Farmers must not use dirty waste wood to produce animal bedding amid concerns about potential risks to livestock and the environment.
The Environment Agency says that it is aware that some dirty material is being used to produce bedding and that it is working with the wood recycling sector to raise awareness of the issue
Wood chip and fines are routinely used as animal bedding. Most is supplied from virgin wood or from pre-consumer off-cuts such as from saw mills and wood product manufacturing. Some is produced from visibly clean used wooden pallets and packaging. The one thing in common is that all of this wood is chemically untreated.
There is a risk however that chemically treated waste wood is chipped and sold on as animal bedding. Chemical wood treatments, applied to protect and prolong the life of wood, can include heavy metals such as copper, chromium and arsenic, halogenated organics or persistent organics such as lindane. Modern wood treatments still have hazardous properties and when finally discarded as waste, should not end up in sensitive end uses such as animal bedding. There are concerns with the use of such wood but also when the used bedding is subsequent spread to land.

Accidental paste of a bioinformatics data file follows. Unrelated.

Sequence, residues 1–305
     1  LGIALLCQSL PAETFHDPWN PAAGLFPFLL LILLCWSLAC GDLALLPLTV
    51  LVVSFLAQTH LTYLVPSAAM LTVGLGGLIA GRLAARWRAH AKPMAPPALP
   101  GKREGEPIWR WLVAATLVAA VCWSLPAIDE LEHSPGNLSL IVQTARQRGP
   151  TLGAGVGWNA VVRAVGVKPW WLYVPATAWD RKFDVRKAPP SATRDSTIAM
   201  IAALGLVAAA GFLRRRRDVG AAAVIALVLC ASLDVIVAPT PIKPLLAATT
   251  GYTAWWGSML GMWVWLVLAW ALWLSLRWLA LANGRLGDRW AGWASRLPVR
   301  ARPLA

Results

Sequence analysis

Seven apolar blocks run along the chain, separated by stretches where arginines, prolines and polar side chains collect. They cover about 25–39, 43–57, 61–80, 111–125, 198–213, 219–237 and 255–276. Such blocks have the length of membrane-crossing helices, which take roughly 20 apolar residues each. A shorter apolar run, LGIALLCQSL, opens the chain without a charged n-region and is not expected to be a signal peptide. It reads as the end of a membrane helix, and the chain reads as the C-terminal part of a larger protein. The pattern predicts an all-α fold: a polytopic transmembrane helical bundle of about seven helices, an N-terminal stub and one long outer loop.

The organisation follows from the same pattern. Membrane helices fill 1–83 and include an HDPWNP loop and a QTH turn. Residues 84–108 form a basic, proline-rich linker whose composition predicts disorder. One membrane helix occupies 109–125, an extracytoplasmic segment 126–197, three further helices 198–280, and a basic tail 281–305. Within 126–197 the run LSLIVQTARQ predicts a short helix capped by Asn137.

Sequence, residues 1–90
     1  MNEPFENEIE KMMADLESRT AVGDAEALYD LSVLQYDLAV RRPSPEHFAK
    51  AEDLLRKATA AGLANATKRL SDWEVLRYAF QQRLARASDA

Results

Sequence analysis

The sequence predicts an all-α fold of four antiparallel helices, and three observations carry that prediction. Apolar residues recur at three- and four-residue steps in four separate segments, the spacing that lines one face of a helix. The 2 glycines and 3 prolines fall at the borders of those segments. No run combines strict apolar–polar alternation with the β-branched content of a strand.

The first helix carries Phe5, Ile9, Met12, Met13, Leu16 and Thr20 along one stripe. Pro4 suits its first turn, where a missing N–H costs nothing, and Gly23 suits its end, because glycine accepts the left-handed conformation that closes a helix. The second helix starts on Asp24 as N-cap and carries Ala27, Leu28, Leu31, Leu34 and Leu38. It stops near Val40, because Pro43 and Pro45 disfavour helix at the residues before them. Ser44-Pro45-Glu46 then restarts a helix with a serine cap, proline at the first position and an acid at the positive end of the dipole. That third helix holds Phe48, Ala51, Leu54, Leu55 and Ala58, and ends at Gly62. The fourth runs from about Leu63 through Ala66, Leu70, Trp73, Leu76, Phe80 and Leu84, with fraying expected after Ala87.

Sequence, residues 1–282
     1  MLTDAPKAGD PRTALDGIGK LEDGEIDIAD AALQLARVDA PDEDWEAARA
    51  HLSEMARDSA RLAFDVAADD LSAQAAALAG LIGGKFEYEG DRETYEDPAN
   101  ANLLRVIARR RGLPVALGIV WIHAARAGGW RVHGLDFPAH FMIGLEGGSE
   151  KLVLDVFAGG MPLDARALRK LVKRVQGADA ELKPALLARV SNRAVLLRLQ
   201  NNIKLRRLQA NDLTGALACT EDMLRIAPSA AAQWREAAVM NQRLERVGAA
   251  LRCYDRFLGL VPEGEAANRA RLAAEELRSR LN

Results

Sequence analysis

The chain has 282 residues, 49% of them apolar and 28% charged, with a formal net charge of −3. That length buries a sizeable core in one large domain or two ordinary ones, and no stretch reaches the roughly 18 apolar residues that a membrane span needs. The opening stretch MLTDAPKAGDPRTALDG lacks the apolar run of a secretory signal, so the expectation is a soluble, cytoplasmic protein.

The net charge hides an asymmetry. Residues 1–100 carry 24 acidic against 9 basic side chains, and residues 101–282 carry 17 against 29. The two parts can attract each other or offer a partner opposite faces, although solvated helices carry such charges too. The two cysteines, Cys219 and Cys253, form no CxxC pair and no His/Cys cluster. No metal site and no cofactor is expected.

Do make sure you understand where the wood chip and fines you use for animal bedding or exercises surfaces is coming from. You should satisfy yourself that it is from clean, chemically untreated sources by dealing with reputable suppliers. Paint flecks for example will indicate that the wood chip is from treated sources. Some chemical treatments are invisible to the naked eye. So visibly clean wood from mixed waste wood sources such as from skip operators, civic amenity sites or demolition sites may still have been chemically treated. Unless your supplier has line of sight to where wood has started out, without sampling and testing for heavy metals and other chemicals, the wood chip or fines may not be as clean as you think.